Welcome to South Branch, a made-up town in Southeastern Iowa, which stands in here for many midwestern small towns: charming, friendly, proud, and with a comfortable aura of remembered history and a pleasant patina of deferred maintenance. The older men meet in the mornings at Pearl’s Downtown Diner to discuss the state of the world, the price of soybeans, the superiority of older cars they can fix themselves, the revisionist history of their romantic exploits from sixty years ago, and to complain about “kids today,” just like their fathers did sixty years ago. There’s a sense of community, a slow pace, and a thin veneer of prudence and prudery. People who live here, within the embrace of a horseshoe bend in the South Branch of Mosquito Creek (which the locals call “Skeeter Crick”), love the place, even though they agree it used to be better in nearly every way back when they were twenty.
Like any human settlement, South Branch has its share of secrets, desires, and incidents that most participants hope will not become common knowledge, and, like most secrets, these, or some incomplete, incorrect, minimized, or exaggerated version of them, quickly become part of the town’s breaking news. These secrets fade into vague memory fragments over time as fresh gossip becomes the entertainment of the day. In spite of the whispers and raised eyebrows, the hearers of these stories divide themselves, somewhat randomly, into those who are inwardly horrified by what they’ve heard, and those who are inwardly envious of the miscreants. Sometimes these responses do battle in the same person.
Even though the South Branch Sentinel comes out every week, the most interesting news in South Branch travels faster than the boys and girls on their bicycles who deliver the paper. If a young lady is smoking in the alley behind the hardware store, dad will know about it before she gets home, whereupon he’ll light up a cigarette and admonish her against the practice. Part of the attraction of these small towns is that everyone knows, or at least suspects, even the most discrete indiscretion on the part of their neighbors; that’s also what some people find repulsive about these places. Every nuance of scandal wafts over South Branch, enlivening the conversation at Pearl’s, the gossip at Claire’s Hair Affair, the tipsy talk at Rosalie’s Palm, and even, or especially, the whispered revelations at Reverend Goode’s “Salivation [sic] Station.”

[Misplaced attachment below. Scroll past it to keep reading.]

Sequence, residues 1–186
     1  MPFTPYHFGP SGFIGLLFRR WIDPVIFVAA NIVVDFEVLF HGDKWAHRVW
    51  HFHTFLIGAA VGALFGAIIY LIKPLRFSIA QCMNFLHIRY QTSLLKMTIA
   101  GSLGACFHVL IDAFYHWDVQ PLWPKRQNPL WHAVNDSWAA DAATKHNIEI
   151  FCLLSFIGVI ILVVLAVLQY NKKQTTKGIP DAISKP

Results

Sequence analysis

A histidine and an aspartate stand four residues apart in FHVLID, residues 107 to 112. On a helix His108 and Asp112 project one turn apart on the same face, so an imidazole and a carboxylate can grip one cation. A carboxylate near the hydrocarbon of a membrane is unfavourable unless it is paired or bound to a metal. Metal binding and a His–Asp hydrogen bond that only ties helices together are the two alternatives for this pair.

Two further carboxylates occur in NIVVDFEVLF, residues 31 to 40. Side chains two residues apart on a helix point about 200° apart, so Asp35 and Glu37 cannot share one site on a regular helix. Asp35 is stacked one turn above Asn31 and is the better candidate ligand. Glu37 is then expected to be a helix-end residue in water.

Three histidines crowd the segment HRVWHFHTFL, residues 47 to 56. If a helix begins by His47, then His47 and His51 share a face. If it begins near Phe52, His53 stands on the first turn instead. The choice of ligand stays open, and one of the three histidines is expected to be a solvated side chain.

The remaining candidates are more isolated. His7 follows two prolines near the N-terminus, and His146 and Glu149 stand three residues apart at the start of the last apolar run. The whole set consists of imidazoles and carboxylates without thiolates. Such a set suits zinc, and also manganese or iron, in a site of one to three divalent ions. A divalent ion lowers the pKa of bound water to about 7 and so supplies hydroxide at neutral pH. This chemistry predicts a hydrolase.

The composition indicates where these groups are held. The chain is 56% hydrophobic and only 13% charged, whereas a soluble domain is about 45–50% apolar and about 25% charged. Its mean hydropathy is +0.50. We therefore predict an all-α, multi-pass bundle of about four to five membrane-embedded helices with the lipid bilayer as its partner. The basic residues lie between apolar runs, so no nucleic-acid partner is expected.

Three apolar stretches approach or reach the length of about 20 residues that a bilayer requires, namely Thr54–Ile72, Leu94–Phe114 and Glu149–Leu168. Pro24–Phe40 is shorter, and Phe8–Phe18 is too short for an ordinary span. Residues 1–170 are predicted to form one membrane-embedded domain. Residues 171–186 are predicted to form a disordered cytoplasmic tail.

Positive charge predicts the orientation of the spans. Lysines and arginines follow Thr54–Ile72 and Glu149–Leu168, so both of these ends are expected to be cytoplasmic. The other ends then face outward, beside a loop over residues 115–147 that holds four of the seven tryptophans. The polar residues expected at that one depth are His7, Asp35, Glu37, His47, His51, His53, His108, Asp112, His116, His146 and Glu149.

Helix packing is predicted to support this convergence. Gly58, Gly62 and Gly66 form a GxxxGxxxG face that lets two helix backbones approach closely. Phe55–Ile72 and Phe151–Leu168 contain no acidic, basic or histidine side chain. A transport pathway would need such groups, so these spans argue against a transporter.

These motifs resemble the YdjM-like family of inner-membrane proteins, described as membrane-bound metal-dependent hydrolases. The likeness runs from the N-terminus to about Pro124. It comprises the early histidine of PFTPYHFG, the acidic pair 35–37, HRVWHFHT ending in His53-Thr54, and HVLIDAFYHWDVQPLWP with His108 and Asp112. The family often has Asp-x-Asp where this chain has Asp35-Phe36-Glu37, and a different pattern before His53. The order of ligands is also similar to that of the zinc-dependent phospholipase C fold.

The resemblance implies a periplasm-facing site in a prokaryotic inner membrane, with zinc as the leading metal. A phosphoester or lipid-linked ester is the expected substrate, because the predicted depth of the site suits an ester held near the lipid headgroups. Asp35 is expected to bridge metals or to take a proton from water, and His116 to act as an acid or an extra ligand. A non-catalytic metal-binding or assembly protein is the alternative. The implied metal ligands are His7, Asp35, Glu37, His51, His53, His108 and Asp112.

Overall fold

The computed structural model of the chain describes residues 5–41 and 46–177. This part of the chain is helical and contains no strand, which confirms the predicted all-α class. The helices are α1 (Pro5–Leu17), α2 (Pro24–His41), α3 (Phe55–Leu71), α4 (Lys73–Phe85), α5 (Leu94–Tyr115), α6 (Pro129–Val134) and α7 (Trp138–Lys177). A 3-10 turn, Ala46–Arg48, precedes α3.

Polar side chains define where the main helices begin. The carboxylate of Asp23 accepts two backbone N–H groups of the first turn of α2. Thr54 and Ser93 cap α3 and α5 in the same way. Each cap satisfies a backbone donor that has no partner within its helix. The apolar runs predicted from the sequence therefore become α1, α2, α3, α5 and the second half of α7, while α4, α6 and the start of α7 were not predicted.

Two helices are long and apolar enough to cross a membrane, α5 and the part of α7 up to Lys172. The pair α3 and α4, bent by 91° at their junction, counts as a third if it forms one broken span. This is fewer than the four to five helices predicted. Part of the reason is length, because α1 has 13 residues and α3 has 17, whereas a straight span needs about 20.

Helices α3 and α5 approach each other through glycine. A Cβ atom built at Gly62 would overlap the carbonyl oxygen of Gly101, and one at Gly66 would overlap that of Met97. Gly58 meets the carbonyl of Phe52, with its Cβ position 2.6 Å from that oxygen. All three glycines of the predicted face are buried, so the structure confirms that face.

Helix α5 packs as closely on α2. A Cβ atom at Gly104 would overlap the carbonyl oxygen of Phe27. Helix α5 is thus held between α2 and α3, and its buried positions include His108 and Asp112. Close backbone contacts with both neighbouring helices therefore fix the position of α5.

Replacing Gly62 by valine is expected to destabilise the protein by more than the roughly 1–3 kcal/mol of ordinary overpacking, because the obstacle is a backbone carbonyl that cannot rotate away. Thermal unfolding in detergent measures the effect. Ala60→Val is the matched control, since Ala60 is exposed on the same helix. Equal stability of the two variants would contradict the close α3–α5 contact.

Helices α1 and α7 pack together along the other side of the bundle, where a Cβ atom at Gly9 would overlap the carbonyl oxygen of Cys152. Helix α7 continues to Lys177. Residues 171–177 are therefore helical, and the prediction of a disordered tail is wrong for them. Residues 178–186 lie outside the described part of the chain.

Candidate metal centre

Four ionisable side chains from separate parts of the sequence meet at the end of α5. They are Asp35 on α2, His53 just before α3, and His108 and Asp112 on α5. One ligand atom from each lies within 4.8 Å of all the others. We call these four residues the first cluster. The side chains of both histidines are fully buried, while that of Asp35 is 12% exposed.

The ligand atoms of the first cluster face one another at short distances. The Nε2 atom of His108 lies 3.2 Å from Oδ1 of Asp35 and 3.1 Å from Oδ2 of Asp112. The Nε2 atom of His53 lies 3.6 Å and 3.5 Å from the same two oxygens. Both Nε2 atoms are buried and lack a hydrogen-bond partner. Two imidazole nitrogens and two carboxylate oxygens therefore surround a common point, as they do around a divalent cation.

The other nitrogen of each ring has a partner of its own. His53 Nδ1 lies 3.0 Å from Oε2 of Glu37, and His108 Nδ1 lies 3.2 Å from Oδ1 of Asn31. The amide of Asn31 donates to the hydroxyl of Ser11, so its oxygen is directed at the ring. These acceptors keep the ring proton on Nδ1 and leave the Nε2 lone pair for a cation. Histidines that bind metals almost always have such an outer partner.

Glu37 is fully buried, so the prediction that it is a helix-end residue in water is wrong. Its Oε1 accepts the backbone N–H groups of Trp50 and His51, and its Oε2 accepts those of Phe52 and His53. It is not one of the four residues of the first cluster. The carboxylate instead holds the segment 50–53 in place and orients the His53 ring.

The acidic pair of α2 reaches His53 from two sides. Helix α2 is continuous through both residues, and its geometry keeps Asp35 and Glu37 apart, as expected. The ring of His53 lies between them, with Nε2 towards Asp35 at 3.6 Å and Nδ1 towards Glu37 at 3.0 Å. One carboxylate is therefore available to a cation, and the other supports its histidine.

What follows is a collection of short stories, completely made up, I hasten to say. Most of these stories center on particular people and places, along with a talented supporting cast. A word of caution for those who have read the earlier South Branch stories about Tilly and Elmer – you should know that Tilly and Elmer, fans of frisky fun as they are, find some of the shady characters and events in this book scandalous and shocking! Until they read this book, they had never thought of, much less engaged in, any of the more outrageous undertakings of their neighbors. Nevertheless, you can be sure everyone in these stories is enjoying him or herself, and no characters were harmed in the writing of these tales!
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About the Author
Gene Clements is an artist, architect, and educator. He began the Tilly and Elmer series by writing a couple of paragraphs about a frisky older couple. His friends thought they were funny and wanted to find out what was going to happen if he finished the story. Now they know, for better or worse.
Gene grew up in a small town in the Midwest although he now lives in California. He thinks he’s eighteen, but he’s really the same age as Tilly and Elmer. These stories aren’t necessarily autobiographical. Gene knows a lot of interesting people and has a prolific imagination; a dangerous combination.